Fifteen years after returning to Chinese rule, Hong Kong still provides a major attraction for British expats.
The territory left British control in 1997, but the number of Britons applying to work there is shooting up.
Last year a record number of work visas were granted to expat jobseekers under the Immigration Department’s general Employment Scheme.
British and American expats continue to lead the charge among foreign workers. Work visas issued to UK citizens jumped 45 per cent to 3,907, while for Americans they rose 96 per cent to 4.290.
Last year marked record highs for applicants of both nationalities, according to Immigration Department figures.
Hong Kong, which is well positioned geographically and culturally to China, is a major financial hub, employing thousands of finance professionals.
Other major employment opportunities lie in senior management positions within multinationals and teaching positions for native English speakers.
Expats are further enticed by low taxes, efficient public transport and the widespread use of English.
But Alan Pettifer, a British expat who has lived in Hong Kong for 20 years, said: “While it still has a lot going for it the downside has increased more than the upside. Hong Kong has increasingly bad air pollution, not enough international schools while property prices are exorbitant for most families.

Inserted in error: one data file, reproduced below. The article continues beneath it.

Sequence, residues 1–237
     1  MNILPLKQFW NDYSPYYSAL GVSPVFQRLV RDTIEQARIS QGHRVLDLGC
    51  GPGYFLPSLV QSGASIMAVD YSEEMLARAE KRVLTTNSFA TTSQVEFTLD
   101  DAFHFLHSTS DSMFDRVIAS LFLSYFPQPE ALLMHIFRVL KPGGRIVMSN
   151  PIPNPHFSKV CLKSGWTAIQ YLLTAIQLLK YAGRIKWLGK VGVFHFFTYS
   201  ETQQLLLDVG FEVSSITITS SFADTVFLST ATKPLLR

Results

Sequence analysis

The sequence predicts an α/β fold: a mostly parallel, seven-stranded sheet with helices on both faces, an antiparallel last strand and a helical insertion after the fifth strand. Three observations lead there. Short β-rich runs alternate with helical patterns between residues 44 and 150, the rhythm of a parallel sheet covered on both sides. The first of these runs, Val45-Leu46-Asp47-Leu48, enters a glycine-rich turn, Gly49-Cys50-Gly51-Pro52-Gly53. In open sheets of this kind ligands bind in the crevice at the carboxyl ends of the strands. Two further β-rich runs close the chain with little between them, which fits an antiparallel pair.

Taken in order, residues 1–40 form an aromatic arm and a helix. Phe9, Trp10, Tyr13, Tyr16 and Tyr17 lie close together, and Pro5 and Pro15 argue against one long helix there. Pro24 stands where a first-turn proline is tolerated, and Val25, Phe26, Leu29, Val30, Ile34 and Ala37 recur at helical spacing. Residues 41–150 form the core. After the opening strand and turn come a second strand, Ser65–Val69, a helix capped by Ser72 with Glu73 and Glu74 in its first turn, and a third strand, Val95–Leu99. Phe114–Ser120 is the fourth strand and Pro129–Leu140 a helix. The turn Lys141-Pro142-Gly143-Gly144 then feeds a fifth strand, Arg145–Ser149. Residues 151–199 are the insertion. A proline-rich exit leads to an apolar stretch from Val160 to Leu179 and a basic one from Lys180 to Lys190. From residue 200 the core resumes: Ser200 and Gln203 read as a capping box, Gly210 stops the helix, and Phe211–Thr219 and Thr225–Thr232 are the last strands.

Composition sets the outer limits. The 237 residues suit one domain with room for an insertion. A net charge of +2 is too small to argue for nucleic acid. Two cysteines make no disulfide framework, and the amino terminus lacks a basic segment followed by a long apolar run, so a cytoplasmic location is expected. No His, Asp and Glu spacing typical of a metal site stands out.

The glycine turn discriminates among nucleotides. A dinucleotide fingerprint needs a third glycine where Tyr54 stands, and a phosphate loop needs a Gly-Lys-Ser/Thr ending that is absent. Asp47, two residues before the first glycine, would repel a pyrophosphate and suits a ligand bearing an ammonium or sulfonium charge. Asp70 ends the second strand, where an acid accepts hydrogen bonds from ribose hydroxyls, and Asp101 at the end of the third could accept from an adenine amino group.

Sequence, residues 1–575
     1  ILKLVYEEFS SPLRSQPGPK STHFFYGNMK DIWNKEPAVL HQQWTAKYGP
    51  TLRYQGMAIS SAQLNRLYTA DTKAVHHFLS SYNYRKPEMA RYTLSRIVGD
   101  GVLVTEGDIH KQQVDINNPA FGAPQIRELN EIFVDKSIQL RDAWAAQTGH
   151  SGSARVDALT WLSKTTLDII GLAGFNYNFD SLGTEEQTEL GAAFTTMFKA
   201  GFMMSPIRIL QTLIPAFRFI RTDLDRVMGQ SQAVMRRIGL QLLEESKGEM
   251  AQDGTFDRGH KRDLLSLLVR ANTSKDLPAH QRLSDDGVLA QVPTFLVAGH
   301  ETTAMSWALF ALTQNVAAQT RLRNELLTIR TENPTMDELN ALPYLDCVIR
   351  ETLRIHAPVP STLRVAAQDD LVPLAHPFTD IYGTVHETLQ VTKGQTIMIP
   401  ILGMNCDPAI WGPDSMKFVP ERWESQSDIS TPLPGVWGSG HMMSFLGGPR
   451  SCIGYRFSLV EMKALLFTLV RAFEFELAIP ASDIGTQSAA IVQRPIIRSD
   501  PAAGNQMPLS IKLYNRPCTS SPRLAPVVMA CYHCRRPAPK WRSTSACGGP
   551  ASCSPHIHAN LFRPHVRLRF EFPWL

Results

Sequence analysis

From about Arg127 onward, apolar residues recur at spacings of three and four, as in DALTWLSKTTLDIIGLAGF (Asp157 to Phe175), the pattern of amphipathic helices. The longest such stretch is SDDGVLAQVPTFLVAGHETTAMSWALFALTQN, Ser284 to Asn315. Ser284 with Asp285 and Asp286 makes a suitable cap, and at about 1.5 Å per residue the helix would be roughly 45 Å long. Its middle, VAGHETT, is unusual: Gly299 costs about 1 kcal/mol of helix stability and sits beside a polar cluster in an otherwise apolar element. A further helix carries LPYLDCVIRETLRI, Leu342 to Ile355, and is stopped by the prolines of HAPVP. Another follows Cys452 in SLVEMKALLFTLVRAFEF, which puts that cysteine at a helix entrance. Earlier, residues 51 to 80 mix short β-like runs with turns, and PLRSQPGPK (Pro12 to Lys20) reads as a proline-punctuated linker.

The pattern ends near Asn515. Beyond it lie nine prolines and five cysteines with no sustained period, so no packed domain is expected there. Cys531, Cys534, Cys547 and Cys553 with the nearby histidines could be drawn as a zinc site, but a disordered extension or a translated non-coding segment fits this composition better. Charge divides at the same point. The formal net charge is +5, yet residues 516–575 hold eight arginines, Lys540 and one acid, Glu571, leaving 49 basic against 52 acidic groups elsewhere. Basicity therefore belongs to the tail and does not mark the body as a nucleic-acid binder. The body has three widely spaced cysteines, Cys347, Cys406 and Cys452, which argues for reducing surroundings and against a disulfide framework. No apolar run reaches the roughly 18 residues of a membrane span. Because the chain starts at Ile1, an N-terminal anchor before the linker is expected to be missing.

“I’ve been here too long to think about moving but younger expats have the options of Singapore, Shanghai and Beijing to choose from these days.”
During the decade, total work visas issued annually under the government’s general Employment Scheme grew 65 per cent from 18,520 to 30,557 last year.
Simon Walker, Asia director at global recruitment specialists Hydrogen, said: “In certain areas there are acute skills shortages, and in these cases some firms are considering international talent where the domestic talent pool is unable to keep up with demand.
“This is not a new trend but the rapid pace of growth in Asia has accelerated the gap between supply and demand.”
Salaries in Hong Kong compare favourably to other major financial centres, but lower taxes also give workers a 20 per cent to 30 per cent uplift in their take-home pay.
Fiona Foxon, managing director of international concierge service Quintessentially, said: “Hong Kong continues to attract strong global talent, which we are seeing with a ramp up in particular with an increase in talent from the UK. Hong Kong is a country that rewards hard work, enjoys life to the fullest, and offers something for everyone to make them feel at home.”
Category: Hong Kong